Programmable adenine deamination in bacteria using a Cas9–adenine-deaminase fusion†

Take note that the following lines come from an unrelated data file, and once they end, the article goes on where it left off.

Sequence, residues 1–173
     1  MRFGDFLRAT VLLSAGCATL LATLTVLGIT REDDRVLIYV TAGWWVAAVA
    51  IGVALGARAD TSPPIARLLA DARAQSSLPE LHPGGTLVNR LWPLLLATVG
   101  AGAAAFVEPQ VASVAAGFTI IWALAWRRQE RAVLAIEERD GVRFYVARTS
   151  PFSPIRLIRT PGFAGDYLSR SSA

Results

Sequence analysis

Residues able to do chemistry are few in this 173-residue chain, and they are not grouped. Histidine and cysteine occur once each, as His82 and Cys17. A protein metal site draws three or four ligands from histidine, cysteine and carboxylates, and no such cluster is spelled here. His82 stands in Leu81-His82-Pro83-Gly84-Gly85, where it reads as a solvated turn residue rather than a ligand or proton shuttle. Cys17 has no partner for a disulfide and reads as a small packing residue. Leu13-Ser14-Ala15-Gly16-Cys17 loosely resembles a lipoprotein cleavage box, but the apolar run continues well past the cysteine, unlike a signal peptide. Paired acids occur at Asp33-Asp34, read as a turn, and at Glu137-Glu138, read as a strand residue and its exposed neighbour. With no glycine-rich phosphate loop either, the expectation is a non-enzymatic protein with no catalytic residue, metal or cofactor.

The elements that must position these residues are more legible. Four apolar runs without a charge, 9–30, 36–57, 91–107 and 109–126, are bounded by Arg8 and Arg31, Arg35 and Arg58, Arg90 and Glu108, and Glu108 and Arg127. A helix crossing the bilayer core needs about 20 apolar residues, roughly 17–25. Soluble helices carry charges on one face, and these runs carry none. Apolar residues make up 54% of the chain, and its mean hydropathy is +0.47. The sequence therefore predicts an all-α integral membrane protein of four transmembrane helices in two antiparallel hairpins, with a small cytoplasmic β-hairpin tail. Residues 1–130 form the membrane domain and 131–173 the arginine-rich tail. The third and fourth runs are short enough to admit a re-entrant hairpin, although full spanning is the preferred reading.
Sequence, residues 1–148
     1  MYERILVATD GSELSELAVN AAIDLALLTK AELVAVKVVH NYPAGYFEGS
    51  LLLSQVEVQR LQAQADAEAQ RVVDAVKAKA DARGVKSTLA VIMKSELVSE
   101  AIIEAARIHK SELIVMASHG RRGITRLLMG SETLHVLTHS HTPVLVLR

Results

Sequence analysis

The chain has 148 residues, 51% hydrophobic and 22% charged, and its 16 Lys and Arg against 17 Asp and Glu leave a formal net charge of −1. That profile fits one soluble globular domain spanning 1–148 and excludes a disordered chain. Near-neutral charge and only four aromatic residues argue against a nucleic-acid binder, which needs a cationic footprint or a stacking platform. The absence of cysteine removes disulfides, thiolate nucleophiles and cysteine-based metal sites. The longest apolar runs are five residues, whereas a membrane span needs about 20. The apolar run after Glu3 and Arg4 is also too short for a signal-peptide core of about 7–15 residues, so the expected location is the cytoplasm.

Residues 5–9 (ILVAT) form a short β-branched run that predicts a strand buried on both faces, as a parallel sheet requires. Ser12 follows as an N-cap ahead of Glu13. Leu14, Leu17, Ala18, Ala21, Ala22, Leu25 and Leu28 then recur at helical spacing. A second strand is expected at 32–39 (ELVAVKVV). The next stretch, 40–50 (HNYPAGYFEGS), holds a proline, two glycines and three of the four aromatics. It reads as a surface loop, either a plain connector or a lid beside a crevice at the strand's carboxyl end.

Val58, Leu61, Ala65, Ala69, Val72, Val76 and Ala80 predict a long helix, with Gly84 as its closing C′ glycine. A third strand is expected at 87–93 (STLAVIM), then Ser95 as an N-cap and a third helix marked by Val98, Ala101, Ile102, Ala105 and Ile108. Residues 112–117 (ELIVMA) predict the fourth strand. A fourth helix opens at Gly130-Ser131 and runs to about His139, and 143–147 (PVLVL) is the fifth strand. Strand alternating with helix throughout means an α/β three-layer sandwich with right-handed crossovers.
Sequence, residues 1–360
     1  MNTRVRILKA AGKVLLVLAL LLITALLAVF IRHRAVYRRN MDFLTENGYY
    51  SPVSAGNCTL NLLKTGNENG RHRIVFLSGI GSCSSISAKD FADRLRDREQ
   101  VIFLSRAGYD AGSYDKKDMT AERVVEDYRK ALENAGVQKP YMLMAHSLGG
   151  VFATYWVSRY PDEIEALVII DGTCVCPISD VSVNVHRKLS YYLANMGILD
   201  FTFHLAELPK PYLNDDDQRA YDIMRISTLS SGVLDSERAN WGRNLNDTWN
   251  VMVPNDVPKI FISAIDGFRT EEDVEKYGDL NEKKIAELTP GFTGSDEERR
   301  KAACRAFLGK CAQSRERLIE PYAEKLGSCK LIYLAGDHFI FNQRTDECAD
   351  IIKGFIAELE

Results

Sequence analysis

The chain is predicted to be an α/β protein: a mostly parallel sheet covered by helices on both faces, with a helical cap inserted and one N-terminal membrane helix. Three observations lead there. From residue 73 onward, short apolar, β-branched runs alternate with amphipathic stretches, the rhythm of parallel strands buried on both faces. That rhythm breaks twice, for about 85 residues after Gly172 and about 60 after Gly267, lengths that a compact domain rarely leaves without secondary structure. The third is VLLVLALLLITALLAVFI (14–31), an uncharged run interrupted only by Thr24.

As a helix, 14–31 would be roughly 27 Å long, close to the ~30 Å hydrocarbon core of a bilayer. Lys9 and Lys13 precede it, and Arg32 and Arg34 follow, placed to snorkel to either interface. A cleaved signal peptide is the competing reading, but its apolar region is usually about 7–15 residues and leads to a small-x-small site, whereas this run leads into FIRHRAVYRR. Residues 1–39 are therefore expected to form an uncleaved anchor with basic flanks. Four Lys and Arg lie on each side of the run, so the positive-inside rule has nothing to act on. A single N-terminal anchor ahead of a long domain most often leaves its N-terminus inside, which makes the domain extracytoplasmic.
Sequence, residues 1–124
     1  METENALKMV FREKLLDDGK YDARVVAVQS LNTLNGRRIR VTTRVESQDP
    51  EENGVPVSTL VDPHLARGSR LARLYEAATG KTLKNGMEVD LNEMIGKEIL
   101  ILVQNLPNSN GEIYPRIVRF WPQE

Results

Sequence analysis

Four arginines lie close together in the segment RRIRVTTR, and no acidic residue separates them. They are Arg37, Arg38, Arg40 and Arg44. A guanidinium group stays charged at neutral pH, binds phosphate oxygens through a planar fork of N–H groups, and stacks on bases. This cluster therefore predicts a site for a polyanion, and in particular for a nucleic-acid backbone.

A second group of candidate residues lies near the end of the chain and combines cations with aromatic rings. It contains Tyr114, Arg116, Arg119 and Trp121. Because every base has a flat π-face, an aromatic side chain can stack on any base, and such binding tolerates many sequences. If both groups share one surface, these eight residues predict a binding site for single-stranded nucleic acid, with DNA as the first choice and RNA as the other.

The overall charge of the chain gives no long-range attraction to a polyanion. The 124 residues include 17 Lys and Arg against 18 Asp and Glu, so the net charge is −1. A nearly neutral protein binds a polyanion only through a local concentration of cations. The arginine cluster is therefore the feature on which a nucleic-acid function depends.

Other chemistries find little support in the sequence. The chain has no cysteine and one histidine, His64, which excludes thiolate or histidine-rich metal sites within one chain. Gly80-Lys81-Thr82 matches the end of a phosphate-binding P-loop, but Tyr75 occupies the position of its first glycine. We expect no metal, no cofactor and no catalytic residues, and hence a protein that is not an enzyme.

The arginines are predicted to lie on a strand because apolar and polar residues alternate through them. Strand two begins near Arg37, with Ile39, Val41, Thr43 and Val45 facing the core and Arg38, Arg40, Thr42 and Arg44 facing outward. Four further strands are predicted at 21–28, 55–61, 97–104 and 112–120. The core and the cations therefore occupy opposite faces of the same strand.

Precise genetic manipulation is vital to studying bacterial physiology, but is difficult to achieve in some bacterial species due to the weak intrinsic homologous recombination (HR) capacity and lack of a compatible exogenous HR system. Here we report the establishment of a rapid and efficient method for directly converting adenine to guanine in bacterial genomes using the fusion of an adenine deaminase and a Cas9 nickase. The method achieves the conversion of adenine to guanine via an enzymatic deamination reaction and a subsequent DNA replication process rather than HR, which is utilized in conventional bacterial genetic manipulation methods, thereby substantially simplifying the genome editing process. A systematic screening targeting the possibly editable adenine sites of cntBC, the importer of the staphylopine/metal complex in Staphylococcus aureus, pinpoints key residues for metal importation, demonstrating that application of the system would greatly facilitate the genomic engineering of bacteria.